One of Oldenburg’s colleagues introduced him to introduce the former coach to the feature, and no sooner had Oldenburg jotted down the name of the feature than Madden began waving his hands. The meeting abruptly ended.
“Let’s go no further,” Madden said. “I want to know, can you or anyone in this room tell me what identifying the Mike actually means?”
Oldenburg, a former NFL offensive lineman before pivoting his career to game development, took on the challenge in stride, explaining what Madden already knew: Identifying the Mike is simply when an offense identifies the middle player among the linebackers in a defensive formation to get on the same page.
Madden looked at him, then smiled.
“And from that moment, for the next 10 years until his passing, the coach and I had a great relationship,” Oldenburg said. “We were on a first name basis. He called me to talk to me and ask me how the game was going, and it was because I passed his football quiz. I will never forget that.”
When news of Madden’s death last December started spreading through EA’s offices, the developers flooded their Slack channels with tributes and discussions. “An immediate reaction was, ‘What are we going to do for the coach in our game? said Oldenburg.
During a presentation to media, pro gamers and Madden influencers in Orlando in late May, EA revealed that the upcoming game will feature three covers, all featuring the Hall of Fame coach. One features the jubilant Madden being carried off the field by his players after winning Super Bowl XI. Another looks back on his days in the broadcast booth. The third, reserved for the premium version of the game, features Madden’s likeness from the original game’s cover, with the jubilant coach bursting through a black, white and gold background of game diagrams.
All three versions of the cover feature a handwritten note scribbled on the front: “Thank you, Coach.”
“They are awesome!” Hall of Famer Mike Madden said in an email. “They highlight the three sides of John Madden – winning the Super Bowl, which was the biggest day of his life; a collared shirt and tie making his spread, which again took him to new levels; and then the retro cover of the original game was nice. I actually played the game on an Apple II, so the rollback was awesome.
For more than a decade, the reveal of the latest Madden game cover has been a cultural phenomenon in the United States, a marketing move that results in an inordinate measure of national relevance for the selected athlete. News of the cover reveal is often accompanied by an ESPN SportsCenter segment as well as a flurry of online articles (and, as some believe, a curse).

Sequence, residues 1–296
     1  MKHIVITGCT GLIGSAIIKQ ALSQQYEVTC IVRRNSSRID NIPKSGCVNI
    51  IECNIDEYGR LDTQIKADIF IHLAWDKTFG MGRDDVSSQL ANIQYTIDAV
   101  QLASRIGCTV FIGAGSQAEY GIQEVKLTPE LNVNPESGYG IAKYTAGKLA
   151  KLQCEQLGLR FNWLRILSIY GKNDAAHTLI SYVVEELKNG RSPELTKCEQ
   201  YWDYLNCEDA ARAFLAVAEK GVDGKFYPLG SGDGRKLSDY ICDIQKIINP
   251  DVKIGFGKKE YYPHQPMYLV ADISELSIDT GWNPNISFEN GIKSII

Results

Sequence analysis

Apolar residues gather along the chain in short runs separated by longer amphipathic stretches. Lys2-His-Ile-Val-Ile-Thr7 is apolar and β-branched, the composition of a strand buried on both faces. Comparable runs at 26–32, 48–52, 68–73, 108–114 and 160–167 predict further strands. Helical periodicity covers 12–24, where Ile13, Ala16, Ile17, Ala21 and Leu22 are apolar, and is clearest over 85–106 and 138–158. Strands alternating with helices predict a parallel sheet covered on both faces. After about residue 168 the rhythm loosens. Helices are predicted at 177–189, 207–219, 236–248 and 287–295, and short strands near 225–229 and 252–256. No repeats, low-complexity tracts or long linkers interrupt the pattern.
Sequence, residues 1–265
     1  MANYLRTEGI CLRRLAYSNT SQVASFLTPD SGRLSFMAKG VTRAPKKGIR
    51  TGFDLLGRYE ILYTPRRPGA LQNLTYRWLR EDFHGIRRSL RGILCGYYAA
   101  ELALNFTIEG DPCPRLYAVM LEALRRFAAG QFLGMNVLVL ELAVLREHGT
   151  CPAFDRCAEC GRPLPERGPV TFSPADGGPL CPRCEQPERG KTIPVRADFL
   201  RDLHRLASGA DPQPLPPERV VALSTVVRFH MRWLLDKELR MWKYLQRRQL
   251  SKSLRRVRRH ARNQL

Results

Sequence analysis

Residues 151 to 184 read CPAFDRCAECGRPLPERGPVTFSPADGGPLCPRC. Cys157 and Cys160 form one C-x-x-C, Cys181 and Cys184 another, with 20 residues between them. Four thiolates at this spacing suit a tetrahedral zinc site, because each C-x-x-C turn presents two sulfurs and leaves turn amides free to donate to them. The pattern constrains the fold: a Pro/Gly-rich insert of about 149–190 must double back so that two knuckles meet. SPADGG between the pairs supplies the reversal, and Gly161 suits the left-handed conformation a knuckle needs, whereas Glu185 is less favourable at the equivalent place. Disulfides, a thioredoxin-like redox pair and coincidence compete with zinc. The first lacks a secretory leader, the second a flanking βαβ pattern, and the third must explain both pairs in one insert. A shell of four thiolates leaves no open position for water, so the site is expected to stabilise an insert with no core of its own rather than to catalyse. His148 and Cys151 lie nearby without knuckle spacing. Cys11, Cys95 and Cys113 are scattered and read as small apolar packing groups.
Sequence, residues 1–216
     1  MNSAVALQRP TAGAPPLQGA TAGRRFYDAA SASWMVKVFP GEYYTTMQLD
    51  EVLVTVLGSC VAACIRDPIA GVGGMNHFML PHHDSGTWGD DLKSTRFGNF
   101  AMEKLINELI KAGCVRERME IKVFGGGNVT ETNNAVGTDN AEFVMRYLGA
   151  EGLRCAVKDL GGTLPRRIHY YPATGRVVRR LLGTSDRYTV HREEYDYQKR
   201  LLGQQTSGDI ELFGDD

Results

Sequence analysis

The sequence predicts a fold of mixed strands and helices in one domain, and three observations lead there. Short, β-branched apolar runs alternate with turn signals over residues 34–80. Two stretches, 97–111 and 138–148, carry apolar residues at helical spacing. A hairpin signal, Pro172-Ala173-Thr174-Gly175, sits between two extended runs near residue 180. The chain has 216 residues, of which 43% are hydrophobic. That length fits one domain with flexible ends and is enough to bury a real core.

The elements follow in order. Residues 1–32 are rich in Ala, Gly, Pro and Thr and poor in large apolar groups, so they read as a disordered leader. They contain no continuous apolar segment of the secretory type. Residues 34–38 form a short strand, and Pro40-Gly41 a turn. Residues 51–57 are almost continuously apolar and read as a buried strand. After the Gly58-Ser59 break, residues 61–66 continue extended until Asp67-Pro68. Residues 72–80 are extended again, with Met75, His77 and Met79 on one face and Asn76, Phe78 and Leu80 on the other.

Madden was featured on the cover of early iterations of the game, before EA began highlighting players in 2001. Recent covers have included quarterbacks Tom Brady, Patrick Mahomes, and Lamar Jackson.
Madden, the former Super Bowl-winning coach of the Oakland Raiders, first lent his name to the video game series in 1988 with the stipulation that the game be realistic and representative of real-life NFL football. It started with the requirement that the game have 11 players on each side of the ball, a huge computational challenge for early 1990s hardware. from their game “Gridiron!” – it launched the best-selling sports franchise in video game history, with more than 30 episodes produced since then.
However, Madden did more than just lend his name to the show. Each year, EA developers would meet with Madden multiple times to discuss new game features and ensure they were successful with the man the developers affectionately referred to as “coach” – both out of respect and to differentiate. the franchise man.
“Every year until the pandemic started, he had a Sunday work session with about 12-15 Madden developers, where they would sit down in the morning and go over the latest Madden game, discuss any questions or topics they had and then they would watch football together,” Mike Madden said. “Dad would sit down and explain to them what was happening on the field, pointing out the nuances of the plays that should be in the game, and they would strum notes and record things. I think it was really helpful for them to have this idea.
He was passionate about the fundamentals and saw video games as an opportunity to delve into the intricacies of the sport.
“He was always asking questions like, ‘We don’t have illegal tackles, do we?'” Oldenburg recalled. “Or, ‘That specific game I saw watching football that I thought was a dirty game, we don’t have that at Madden, do we? or ‘How do we teach that concept?’ He has always been very conscious of his game as a tool for teaching the sport, but teaching it the right way.”
Another time, the coach interrupted a PowerPoint presentation when a marketing slide featured clip art of a soccer game diagram. “Does that play in ‘Madden’?” He asked.
“There were only six players on the pitch and some had arrows and Xs, and it just wasn’t a real game of football,” Oldenburg recalled. “And he was like, ‘This game can’t be in my game. If it’s from the playbook, take it out. It’s not a real play. We stopped our creative review of the year with Coach Madden to discuss a diagram in a PowerPoint game. That’s how much he was into the details around authenticity. And we never made that mistake again.
These conversations between EA developers and Madden continued until 2021, when he died on December 28. Oldenburg remembers the last time he spoke with the coach. With covid-19 still prohibiting in-person travel and meetings, the conversation came during a practice phone call in August to discuss how the team would incorporate NFL Next Gen stats for the upcoming game.
“I think I was watching a bowling game or something, and it showed up on the baseline. And it definitely hit me like we lost someone very important,” Oldenburg said. “Everyone has so much respect for what he’s meant to us.”